Shocking Speed

U.S. President Biden is quickly establishing a political reorientation — and in some cases with unusual measures.

With his harsh verbal attacks on Russian President Vladimir Putin, U.S. President Joe Biden has made clear not only that he intends to punish past Russian misdeeds, but also that Moscow cannot continue acting has it has been — for instance, that it should no longer interfere in U.S. elections.

Biden’s push represents another facet of a political reorientation in U.S. politics, with which he has enacted his intended political agenda with shocking speed in just the first 60 days of his term. In doing so, he is not only moving to correct the destructive policies of his predecessor, Donald Trump.

He also wants to rectify some errors made by earlier president and fellow party member Barack Obama; for instance, by not acting as cautiously with his coronavirus rescue package as Obama did with his 2009 economic measures against the financial crisis. Instead, he is initiating an advertising campaign to avoid handing the political arena over to his critics.

More importantly, however, democratic goals are once again at the forefront, including strengthening and improving American society and trying to solve problems with others, instead of merely imposing U.S. interests.

As Biden, with other Democrats in the U.S., leads the U.S. back into the Paris Climate Agreement, they do not want only to prevent droughts and failed harvests at home; they also want to contribute to slowing or stopping climate change globally.

The Biden administration is also pushing the pace, because it has no time and has raised such high expectations. The multitrillion-dollar coronavirus rescue package is supposed to lessen the impact of the crisis on people and businesses. And the massive vaccination campaign, with which Biden has brought the U.S. to the forefront internationally, is supposed to not only decrease the coronavirus death toll; it is also intended to permit a return to life without restrictions as quickly as possible.

It is an entirely different question whether Biden will manage to calm the atmosphere at home and thus to unify a divided country with his rescue package and vaccines. That will surely require more time and even more success in other political spheres.

The proposed reform of U.S. immigration policies demonstrates just how difficult it is. Young immigrants especially are to be treated better than they were under Trump. But the reform is proceeding very slowly. One reason, for example, is that offices in Washington did not collaborate with local institutions when conducting a project in Texas, thus making it easier for Republican opponents of another immigration policy to criticize it.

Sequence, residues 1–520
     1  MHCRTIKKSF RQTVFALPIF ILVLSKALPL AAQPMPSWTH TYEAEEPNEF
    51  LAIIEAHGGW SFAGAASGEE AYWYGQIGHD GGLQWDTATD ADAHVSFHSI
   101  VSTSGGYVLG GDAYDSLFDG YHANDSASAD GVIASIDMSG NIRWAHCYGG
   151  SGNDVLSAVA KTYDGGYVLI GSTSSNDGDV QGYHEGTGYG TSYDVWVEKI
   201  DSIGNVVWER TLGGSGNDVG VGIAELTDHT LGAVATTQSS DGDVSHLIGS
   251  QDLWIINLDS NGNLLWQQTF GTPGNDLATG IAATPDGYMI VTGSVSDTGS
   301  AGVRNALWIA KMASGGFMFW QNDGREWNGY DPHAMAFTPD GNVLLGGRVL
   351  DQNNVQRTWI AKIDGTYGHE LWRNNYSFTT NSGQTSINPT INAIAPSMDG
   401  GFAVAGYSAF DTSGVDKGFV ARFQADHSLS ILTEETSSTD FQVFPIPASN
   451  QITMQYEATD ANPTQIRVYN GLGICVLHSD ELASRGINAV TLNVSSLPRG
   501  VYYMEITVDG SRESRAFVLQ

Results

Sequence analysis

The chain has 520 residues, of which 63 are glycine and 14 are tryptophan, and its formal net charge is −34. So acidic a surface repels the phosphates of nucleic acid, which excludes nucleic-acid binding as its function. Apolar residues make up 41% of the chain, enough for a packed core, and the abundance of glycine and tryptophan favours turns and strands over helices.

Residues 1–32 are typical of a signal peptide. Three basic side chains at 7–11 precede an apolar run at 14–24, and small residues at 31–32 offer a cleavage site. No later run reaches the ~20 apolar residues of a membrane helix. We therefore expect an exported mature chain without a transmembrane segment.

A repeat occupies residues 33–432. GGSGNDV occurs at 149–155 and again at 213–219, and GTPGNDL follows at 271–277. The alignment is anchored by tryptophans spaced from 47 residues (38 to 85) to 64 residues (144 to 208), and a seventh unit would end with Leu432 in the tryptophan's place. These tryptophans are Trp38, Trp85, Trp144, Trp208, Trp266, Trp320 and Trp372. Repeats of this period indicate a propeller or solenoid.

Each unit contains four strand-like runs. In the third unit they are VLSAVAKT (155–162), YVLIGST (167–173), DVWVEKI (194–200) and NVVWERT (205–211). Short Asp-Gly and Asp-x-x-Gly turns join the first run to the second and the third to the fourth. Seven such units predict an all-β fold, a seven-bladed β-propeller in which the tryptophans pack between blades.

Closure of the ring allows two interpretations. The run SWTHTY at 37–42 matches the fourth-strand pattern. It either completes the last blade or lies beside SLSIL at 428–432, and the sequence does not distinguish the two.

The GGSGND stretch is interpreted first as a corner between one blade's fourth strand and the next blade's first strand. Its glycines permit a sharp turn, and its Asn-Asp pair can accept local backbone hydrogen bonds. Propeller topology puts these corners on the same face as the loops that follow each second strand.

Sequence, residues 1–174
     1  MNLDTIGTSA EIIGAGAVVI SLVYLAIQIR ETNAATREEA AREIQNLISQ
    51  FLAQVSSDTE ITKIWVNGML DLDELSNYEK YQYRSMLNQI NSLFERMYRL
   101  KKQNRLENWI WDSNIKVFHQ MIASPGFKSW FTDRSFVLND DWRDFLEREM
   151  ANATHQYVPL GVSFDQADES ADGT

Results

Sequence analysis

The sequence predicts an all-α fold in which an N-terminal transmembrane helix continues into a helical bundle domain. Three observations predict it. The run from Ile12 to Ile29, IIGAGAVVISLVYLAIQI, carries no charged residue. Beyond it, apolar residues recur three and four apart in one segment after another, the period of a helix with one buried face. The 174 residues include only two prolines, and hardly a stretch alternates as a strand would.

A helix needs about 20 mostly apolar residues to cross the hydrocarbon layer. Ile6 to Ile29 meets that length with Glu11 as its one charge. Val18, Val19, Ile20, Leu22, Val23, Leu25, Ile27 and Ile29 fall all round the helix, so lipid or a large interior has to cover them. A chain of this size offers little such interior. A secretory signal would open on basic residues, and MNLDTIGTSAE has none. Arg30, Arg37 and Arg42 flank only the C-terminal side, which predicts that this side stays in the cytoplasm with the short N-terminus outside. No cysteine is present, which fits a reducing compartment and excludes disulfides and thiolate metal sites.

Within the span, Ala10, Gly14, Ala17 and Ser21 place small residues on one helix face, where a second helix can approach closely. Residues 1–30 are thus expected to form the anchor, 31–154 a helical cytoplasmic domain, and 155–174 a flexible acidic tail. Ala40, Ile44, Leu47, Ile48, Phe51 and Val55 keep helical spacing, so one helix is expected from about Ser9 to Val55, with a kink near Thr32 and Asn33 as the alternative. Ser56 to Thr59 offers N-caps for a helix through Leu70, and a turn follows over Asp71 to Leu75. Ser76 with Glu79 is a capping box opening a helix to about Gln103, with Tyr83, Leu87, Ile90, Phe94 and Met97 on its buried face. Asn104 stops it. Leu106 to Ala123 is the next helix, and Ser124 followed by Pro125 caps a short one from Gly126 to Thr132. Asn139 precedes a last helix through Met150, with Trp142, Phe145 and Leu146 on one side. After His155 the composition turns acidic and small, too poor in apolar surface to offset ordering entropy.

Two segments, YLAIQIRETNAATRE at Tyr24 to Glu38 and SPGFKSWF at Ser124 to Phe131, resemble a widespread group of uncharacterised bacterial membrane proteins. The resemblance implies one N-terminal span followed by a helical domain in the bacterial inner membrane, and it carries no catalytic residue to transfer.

Even more challenging is the political development in the Middle East. Biden does want to reactivate the nuclear deal with Iran, but he cannot simply dismantle the sanctions against Tehran because that would put him in a weak position. Thus, he must negotiate with the mullah regime, including over the latter’s destructive role in the region. But the regional power based in Tehran feels that it occupies the moral high ground with respect to the nuclear deal and shows no sign of changing its behavior in the region. It will probably be a difficult and protracted process.

A similar situation applies to relations with Saudi Arabia. Washington not only clearly connected Crown Prince Mohammed bin Salman to the murder of journalist Jamal Khashoggi in a report from the CIA and thus signaled to nations in the region that Washington is no longer indifferent as it was under Trump to how rulers treat their subjects. Biden also has halted support for the war in Yemen. But an end of the conflict remains out of reach.

The Biden administration may be using diplomatic means against all these offenses, as it had announced it would. And when in doubt, is at least proceeding steadily. It is rather unusual in international affairs for an administration not to continue an agreement established by its predecessor, but Biden did exactly that with Afghanistan when he questioned the peace deal with the Taliban. Now, no one really knows what will come next.

Biden took a similarly strong stance against Putin when he answered affirmatively the question of whether the Russian president was a murderer. However, he also offered at the same time to continue talks with Moscow, for instance on disarmament. It will be interesting to observe if and how Biden wants to punish Putin or Russia for its behavior. In this case, the controversial Nord Stream 2 pipeline may quickly become an issue.

Ostensibly, Biden is proceeding calmly in relations with China. But that is by far the biggest and most complex problem because it concerns global trade, as well as the conflicts with Hong Kong, Taiwan, and indirectly, North Korea and Myanmar. But after the meeting of Chinese and U.S. representatives in Alaska, it will probably soon become clearer where things are headed.

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